The discovery of a new black hole is always an interesting event; this time, researchers from the Instituto de Astrofísica de Canarias (IAC) have managed to get the first spectroscopic data from the binary system in case, and found that it contains a black hole, which is quite rare, at least according to out knowledge of the Universe.
X-ray binaries are formed from a compact object (neutron star, black hole, etc) and a regular star. The more compact object slowly ‘sucks’ material from the other star and adds it to its own, creating a spiral disk around it. However, out of the estimated 5.000 binary systems in our galaxy, no more than 20 contain a black hole.
The system in case, XTE J1859+226, is a ‘transient X-ray binary’.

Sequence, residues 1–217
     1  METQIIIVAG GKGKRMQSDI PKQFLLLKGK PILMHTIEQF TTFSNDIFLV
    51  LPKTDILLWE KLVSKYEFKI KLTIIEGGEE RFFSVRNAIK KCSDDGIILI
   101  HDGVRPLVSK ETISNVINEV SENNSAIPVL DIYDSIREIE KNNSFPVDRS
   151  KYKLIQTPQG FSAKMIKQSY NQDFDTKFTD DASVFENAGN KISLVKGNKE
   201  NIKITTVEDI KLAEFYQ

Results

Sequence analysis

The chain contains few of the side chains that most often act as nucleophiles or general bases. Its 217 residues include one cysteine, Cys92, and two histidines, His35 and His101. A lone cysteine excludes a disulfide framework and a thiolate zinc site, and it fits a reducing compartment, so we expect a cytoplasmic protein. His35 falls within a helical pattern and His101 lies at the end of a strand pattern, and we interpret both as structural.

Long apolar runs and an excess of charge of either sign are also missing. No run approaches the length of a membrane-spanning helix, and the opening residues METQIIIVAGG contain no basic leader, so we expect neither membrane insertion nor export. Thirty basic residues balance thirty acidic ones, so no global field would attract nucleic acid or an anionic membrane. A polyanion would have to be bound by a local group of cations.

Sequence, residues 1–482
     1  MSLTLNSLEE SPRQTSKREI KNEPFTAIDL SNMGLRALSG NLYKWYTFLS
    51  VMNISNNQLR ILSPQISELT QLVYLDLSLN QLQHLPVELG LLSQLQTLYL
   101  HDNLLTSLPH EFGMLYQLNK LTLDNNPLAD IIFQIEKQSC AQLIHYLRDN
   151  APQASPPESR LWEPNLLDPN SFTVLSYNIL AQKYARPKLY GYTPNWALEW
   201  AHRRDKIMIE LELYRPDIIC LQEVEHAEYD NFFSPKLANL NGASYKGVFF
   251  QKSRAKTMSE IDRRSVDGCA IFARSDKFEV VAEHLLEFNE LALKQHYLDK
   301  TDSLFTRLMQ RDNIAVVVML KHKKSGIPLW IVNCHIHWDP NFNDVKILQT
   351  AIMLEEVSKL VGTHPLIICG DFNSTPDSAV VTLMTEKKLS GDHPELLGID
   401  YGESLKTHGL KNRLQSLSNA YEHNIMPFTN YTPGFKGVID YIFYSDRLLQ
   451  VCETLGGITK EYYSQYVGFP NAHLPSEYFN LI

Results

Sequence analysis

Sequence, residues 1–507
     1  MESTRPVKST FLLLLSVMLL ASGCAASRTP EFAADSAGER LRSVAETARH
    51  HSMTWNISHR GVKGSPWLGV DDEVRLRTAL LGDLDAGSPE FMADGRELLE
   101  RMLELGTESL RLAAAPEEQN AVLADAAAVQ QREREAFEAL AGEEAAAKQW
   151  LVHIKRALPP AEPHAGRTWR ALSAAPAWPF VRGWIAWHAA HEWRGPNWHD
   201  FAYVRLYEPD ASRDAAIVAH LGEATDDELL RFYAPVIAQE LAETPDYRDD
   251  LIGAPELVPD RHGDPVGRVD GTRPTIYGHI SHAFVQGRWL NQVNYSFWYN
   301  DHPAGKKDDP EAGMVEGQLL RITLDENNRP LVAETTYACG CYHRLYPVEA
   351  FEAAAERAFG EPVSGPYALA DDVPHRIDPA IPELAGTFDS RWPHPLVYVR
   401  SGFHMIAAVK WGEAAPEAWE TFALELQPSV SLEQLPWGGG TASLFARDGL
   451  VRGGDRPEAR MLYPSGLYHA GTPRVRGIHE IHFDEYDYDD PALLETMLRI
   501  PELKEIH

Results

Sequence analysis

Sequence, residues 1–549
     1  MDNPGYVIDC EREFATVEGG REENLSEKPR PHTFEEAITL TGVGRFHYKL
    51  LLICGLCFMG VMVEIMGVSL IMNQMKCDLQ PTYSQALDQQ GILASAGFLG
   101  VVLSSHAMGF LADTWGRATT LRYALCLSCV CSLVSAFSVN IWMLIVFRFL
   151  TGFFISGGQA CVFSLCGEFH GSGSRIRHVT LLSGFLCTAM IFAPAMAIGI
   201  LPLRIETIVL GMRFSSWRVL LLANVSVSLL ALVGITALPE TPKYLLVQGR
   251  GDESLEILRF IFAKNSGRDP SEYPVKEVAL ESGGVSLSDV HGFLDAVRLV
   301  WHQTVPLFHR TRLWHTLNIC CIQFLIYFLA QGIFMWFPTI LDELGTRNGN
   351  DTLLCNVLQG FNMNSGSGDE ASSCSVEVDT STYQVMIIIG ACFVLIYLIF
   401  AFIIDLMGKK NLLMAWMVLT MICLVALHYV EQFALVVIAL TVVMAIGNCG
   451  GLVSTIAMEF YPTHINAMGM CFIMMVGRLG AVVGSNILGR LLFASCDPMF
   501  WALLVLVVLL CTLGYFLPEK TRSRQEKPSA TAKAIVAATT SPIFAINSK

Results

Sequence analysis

“Transient X-ray binaries are characterised for spending most of their life in a state of calmness, but occasionally entering eruption stages, during which the rhythm of acretion of matter toward the black hole is triggered,” Jesús Corral Santana explains, an astrophysicist from the IAC, who led the work published in the Monthly Notices of the Royal Astronomical Society (MNRAS).
If the compact object is more than three times heavier than the Sun, then it can only be a black hole, and in this case, the object was 5.4 times heavier than our star.
“With this result we add a new piece to the study of the mass distribution of black holes. The shape of this distribution has very important implications for our knowledge about the death of massive stars, the formation of black holes, and the evolution of X-ray binary systems,” the IAC astrophysicist adds.
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